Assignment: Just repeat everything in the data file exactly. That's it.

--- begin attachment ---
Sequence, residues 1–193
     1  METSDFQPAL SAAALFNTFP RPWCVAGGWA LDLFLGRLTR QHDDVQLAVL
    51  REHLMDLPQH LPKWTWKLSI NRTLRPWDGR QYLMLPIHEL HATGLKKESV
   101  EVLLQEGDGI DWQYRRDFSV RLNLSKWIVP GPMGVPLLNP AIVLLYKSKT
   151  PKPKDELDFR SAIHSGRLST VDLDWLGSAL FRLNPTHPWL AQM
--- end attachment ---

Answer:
Sequence, residues 1–193
     1  METSDFQPAL SAAALFNTFP RPWCVAGGWA LDLFLGRLTR QHDDVQLAVL
    51  REHLMDLPQH LPKWTWKLSI NRTLRPWDGR QYLMLPIHEL HATGLKKESV
   101  EVLLQEGDGI DWQYRRDFSV RLNLSKWIVP GPMGVPLLNP AIVLLYKSKT
   151  PKPKDELDFR SAIHSGRLST VDLDWLGSAL FRLNPTHPWL AQM